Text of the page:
William of Moerbeke
WILLIAM OF MOERBEKE
Dominican archbishop, translator; b. Moerbeke, Belgium, c. 1215; d. Corinth, 1286. Although he is sometimes described as a native of Flanders or Brabant, because of the border town in which he was born, he belonged to the Dominican priory of Ghent. He studied at Cologne, possibly under Albert the Great. By 1260 he had been sent to the priory in Thebes, Greece, and later went to Nicea. From the pontificate of Clement IV (1265–68) until 1278 he was chaplain and confessor to several popes. Well known as a translator of Greek works, he translated certain writings "at the request of Friar Thomas Aquinas," whom he knew intimately at Viterbo and Orvieto. As an enthusiastic promoter of reunion between Greek and Latin churches, and as personal advisor of gregory x, he participated in the Council of Lyons (1274). On April 9, 1278, he was appointed archbishop of Corinth by nicholas iii and was given the pallium by Giacamo Savelli (later honorius iv). He resided in Corinth until his death, presumably in 1286, when a successor was appointed. The Greek village of Merbeke is named after him.
The most eminent and prolific translator of the 13th century, he gave Latin scholars a careful, literal version of Aristotle, Proclus, many Greek commentators, Archimedes, Eutochius, and certain books of Ptolemy, Hero, Galen, and Hippocrates, which remained standard until the 16th century. Roger Bacon called these literal translations "barbaric," but their fidelity allowed St. Thomas to grasp Aristotle's exact meaning, and they enable modern scholars to reconstruct Greek originals, many of which are lost. Besides revising earlier translations of Aristotle, he introduced De caelo 3–4 (c. 1260), Meteorological 1–3 (1260), Metaphysics 11, Politics 3–8, Rhetoric, De animalibus 1–21, and Poetics (1278). All of William's versions are published in Aristoteles Latinus. Among the more important commentators translated by him are Ammonius on Perihermeneias (1268), Simplicius on Praedicamenta (1266) and De caelo (1271), Alexander of Aphrodisias on Metaphysics (1260), Themistius on De anima (c. 1268), and John Philoponus on De anima, 3 (1268, possibly two versions). These are published in the Corpus Latinum Commentariorum in Artist. Graecorum of Louvain. His translation of the Elementatio theologica of Proclus (Viterbo May 18, 1268) revealed to St. Thomas the true nature of the Liber de Causis, previously considered Aristotelian. This and other translations by William gave great impetus to neoplatonism in the late Middle Ages. Neoplatonists, such as Witelo and Henry Bate, accepted his friendship and dedications, as did the physician Rosello of Arezzo and the mathematician John Campanus. Through his translations he contributed not only to a precise and embracing Thomism but also to an interesting Platonism in the Middle Ages.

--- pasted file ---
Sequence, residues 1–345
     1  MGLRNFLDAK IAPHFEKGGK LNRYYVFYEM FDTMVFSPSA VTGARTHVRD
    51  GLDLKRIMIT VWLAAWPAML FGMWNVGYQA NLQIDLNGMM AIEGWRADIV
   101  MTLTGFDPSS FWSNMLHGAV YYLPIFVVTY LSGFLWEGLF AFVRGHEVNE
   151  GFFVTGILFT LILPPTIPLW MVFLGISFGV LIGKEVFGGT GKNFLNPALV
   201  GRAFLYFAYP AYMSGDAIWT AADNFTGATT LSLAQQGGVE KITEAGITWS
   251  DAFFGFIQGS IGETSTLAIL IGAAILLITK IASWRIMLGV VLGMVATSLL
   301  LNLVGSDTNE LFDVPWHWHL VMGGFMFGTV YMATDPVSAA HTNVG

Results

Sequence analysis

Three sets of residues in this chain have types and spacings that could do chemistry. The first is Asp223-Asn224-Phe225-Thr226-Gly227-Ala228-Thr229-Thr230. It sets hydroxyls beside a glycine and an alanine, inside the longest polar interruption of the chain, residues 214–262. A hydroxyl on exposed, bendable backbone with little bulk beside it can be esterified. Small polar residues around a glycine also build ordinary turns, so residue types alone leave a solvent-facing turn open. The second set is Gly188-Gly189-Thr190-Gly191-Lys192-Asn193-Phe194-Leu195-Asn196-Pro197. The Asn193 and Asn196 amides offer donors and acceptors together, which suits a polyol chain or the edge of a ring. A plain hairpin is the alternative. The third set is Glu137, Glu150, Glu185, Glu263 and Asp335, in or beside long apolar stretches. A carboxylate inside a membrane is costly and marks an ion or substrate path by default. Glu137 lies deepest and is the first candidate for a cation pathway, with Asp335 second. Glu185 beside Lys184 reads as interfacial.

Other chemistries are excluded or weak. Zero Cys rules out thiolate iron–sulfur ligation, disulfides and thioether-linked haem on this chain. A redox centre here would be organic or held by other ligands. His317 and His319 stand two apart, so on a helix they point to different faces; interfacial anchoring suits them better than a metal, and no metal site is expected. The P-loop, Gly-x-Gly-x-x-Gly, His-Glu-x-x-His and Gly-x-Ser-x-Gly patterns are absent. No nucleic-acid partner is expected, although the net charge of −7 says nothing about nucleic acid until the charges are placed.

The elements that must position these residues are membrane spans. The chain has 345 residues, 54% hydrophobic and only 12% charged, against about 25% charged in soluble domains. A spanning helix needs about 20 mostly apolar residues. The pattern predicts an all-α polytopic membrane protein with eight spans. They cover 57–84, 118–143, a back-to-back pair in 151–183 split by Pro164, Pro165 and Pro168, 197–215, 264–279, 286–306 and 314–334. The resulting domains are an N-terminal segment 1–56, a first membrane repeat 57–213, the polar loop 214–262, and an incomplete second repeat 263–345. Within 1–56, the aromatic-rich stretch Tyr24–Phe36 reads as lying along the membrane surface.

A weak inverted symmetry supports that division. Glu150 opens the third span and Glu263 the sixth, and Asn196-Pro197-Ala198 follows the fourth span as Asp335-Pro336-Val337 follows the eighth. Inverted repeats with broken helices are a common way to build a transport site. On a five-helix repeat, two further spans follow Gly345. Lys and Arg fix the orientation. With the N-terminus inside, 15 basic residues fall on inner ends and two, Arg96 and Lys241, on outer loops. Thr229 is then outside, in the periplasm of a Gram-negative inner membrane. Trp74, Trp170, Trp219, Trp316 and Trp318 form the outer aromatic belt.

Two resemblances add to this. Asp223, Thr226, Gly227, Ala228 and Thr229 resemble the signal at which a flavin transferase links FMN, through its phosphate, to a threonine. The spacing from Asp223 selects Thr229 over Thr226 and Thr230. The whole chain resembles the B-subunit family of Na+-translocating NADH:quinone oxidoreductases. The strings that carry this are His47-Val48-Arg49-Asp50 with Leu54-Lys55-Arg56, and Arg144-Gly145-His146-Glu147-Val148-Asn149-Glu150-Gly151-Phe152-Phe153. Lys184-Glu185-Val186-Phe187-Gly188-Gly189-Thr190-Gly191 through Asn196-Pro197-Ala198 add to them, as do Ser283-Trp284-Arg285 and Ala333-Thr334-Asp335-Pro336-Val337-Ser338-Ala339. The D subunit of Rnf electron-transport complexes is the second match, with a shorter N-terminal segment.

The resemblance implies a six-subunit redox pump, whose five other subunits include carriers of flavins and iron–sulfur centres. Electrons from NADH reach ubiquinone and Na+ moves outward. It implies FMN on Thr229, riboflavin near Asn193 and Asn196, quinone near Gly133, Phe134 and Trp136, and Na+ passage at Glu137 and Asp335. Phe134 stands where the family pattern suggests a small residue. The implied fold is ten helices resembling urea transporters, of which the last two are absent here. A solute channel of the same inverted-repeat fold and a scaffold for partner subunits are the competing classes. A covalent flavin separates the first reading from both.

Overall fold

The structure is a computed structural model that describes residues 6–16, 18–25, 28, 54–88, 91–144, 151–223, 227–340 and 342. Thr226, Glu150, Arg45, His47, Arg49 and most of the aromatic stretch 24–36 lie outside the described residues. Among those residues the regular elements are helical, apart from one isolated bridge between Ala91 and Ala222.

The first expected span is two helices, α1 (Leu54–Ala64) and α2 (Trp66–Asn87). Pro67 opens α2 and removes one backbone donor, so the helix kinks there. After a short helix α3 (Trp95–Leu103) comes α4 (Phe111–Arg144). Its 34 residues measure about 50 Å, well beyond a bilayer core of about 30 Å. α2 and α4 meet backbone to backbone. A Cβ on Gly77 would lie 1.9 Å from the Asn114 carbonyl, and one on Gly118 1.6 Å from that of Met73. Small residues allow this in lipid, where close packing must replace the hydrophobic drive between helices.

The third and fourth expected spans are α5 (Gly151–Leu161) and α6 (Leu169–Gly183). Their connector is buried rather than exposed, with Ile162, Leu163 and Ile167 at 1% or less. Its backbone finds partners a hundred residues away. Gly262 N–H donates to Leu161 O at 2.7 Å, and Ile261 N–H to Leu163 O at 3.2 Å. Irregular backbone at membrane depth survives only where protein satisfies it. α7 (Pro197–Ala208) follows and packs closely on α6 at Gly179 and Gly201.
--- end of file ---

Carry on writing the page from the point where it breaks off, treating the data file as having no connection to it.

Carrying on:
Bibliography: m. grabmann, Guglielmo di Moerbeke, O.P., il traduttore delle opere di Aristotele, (Miscellanea Historiae Pontificiae 11; Rome 1946). p. glorieux, Répertoire des maîtres en théologie de Paris au XIIIe siècle (Paris 1934) 1:119–122. j. quÉtif and j. Échard, Scriptores Ordinis Praedicatorum (New York 1959) 1:388b–391a. l. minio-paluello, "Guglielmo di Moerbeke traduttore della Poetica di Aristotele," Rivista di filosofia neoscolastica 39 (1947) 1–17; "Note sull'Aristotele Latino Medievale," ibid., 44 (1952) 389–411. g. verbeke, "Guillaume de Moerbeke: traducteur de Proclus," Revue philosophique de Louvain 51 (1953) 349–373.
[j. c. vansteenkiste]